WHEN St John declares that “we beheld his glory, the glory as of a father’s only son, full of grace and truth,” he is making a statement about the spiritual realities that underlie the seeming insignificance of Bethlehem and Nazareth. The contrast is captured by Evelyn Underhill, who writes that, on the first Christmas, a “tremendous spiritual event took place; something which disclosed the very nature of God and his relation to his universe. But there was little to show for it on the surface of life” (Fruits of the Spirit).
Underhill argues that this contrast between outward appearance and inner reality is “true of all the coming of God to us”. What is revealed in the incarnation is that humility and poverty are the hallmarks of God’s presence among us. This has implications both for the places where we might discern God’s coming in our daily lives, and for the way in which we might bear witness to his “glory” in the life of the Church .
There is a constant interplay in the Fourth Gospel between descriptions of visible, tangible events (what Underhill calls “the surface of life”), and the transcendent, which gives it meaning. John begins his Gospel with an account from the very heart of the Godhead — of the Word who “was God” and “was in the beginning with God”; of the world that came into being through him; and of the entry of the Word into the created order to “live among us”. This account of the spiritual realities is the context for the Baptist’s testimony to Jesus in verse 16.
As our Old Testament reading and canticle indicate, John’s account of the “tremendous spiritual event” of the incarnation draws on the Hebrew picture of holy Wisdom, who “came forth from the mouth of the Most High” and “took root in an honoured people, in the portion of the Lord, his heritage”.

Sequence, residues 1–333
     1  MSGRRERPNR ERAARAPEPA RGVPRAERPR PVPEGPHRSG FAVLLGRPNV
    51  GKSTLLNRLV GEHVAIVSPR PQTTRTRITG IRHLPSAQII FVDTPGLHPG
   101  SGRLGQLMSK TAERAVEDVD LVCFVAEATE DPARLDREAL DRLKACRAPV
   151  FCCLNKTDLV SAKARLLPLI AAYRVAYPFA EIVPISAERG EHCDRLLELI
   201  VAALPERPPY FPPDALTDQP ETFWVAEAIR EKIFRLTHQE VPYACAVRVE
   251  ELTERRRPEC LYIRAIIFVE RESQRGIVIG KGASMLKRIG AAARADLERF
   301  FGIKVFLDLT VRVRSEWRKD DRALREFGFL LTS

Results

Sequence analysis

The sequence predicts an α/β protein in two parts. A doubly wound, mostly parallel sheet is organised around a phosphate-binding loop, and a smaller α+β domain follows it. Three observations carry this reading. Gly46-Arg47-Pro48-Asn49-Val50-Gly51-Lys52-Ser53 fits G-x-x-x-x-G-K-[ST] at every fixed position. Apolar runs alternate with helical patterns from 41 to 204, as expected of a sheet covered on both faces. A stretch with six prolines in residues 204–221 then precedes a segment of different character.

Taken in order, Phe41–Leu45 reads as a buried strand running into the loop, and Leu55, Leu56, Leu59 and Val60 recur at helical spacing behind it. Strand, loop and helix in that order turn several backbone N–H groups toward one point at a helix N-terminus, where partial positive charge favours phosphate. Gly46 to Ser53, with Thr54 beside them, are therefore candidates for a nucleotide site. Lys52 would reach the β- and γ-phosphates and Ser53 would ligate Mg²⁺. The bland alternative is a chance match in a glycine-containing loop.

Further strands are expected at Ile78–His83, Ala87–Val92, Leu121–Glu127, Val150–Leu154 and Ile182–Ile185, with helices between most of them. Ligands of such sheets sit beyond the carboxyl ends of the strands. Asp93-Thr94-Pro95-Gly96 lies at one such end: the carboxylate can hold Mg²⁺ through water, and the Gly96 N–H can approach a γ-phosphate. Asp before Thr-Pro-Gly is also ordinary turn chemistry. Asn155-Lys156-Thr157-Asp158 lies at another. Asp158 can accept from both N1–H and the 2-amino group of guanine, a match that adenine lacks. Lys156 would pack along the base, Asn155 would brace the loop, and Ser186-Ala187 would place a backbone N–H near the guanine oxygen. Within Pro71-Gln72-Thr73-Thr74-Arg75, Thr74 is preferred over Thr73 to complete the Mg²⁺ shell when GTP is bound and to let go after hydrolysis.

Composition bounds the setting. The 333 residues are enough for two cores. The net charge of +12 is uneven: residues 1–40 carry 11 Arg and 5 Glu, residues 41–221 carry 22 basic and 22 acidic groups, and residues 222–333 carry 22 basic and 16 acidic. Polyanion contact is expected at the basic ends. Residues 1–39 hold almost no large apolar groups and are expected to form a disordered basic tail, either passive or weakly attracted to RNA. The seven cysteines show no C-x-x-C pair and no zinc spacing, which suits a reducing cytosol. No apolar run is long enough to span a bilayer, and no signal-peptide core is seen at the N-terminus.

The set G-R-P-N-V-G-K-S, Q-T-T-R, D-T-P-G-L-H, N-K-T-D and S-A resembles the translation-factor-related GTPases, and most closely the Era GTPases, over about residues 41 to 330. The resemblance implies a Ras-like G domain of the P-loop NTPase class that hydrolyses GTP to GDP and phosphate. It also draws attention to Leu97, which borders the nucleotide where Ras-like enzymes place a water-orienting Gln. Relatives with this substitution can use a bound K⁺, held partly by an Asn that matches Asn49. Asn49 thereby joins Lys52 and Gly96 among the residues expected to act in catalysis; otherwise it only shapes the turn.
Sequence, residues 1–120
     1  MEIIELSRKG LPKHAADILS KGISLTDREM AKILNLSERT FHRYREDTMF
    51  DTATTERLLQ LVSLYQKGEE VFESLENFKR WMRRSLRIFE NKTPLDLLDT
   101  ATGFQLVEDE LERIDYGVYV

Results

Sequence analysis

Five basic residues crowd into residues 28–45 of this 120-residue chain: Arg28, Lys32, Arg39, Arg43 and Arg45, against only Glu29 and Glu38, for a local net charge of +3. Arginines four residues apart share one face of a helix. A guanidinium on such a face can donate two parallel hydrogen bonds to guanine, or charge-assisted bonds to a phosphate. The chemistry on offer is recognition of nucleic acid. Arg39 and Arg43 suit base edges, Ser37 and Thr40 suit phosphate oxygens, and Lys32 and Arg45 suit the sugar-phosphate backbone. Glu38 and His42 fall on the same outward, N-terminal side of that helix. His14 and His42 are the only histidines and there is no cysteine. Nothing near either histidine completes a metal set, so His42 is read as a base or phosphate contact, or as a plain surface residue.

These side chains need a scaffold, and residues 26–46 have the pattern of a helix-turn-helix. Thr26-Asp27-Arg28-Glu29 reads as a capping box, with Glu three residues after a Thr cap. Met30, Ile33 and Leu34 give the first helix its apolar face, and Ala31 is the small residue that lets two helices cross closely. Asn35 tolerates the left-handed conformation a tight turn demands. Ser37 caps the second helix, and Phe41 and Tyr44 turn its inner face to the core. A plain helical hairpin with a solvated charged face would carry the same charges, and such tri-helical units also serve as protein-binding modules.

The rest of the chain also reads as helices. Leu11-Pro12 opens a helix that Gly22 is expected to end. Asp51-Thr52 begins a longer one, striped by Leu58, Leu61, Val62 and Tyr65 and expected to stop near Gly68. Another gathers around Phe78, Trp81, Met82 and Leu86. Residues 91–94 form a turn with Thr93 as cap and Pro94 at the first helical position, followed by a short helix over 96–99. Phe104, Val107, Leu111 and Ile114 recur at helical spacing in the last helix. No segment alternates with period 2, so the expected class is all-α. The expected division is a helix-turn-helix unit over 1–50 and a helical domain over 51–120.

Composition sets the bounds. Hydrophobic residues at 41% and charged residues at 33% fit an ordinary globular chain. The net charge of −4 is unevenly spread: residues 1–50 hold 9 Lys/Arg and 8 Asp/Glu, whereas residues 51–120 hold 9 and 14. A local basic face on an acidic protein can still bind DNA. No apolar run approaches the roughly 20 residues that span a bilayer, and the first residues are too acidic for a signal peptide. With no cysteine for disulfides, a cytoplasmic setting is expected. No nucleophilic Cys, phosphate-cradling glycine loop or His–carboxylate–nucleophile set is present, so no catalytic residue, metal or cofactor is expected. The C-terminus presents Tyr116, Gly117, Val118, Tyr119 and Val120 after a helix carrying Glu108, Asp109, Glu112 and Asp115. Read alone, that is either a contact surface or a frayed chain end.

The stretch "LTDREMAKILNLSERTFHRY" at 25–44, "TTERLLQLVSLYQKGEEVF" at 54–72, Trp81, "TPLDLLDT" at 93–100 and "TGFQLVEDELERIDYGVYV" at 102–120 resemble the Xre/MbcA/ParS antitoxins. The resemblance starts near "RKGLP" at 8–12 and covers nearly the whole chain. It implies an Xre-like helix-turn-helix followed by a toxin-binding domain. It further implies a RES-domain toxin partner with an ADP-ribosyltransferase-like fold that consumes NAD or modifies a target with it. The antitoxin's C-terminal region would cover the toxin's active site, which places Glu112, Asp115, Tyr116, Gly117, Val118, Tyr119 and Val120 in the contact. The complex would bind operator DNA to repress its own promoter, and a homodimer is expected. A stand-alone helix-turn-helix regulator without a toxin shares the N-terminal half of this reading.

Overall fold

Jesus Christ is a son of David, one of the “honoured people” in whom wisdom has taken root. Yet he is also the Wisdom and the Word of God: “God the only Son, who is close to the Father’s heart.” John’s words portend a theological revolution. As Hans Urs von Balthasar explains, Christianity neither collapses the distinction between creature and Creator nor posits an unbridgeable distance between the two. Rather, it teaches that we can, by grace, “attain supreme union with God precisely on the basis of the lasting distinction between Creator and creature” (Light of the Word).
St John Damascene draws out some of the implications of this theological revolution for the Christian attitude to material things. The Damascene declared that he worshipped “the Creator of matter, who became matter for my sake and deigned to live in matter and bring about my salvation through matter”. This recognition of the holiness of creation led on to a recognition of the imperative to treat it with reverence and respect: “Do not, therefore, offend matter. It is not contemptible, because nothing that God has made is contemptible.”
The breadth of Christ’s saving work is also the theme of our epistle. In words that have inspired a rich seam of reflection from Patristic times, Paul writes of the Father’s plan to “gather up all things” (anakephalaiosasthai) in Christ, “things in heaven and things on earth”. As Margaret MacDonald explains, “The image is one of a cosmic Christ who draws all things into himself according to God’s plan” (Sacra Pagina: Ephesians and Colossians).
St Irenaeus writes that Christ gathers up in himself “all that is earthly and all that is spiritual. He unites humanity to Spirit and places the Spirit in humanity.” To be spiritual, then, is not to seek to turn our backs on created things, but to recognise their origin and ultimate fulfilment in Christ — the Word through whom all things came into being.
Commenting on this same verse, St Theodoret of Cyr writes that, through the saving work of Christ, “human nature is raised anew and puts on incorruptibility. Ultimately the visible creation, delivered from corruption, will receive incorruption.”
Salvation is neither purely individualistic; nor is it disembodied. The material world is also, always and everywhere, a realm with spiritual potency, where God wishes his presence and his love to be known. The mystery of the incarnation reveals “the surface of things” to contain an infinite depth. It has borne the very life of God.
If transferring Epiphany, see Canon Ritchie’s columns from 2018 and 2019.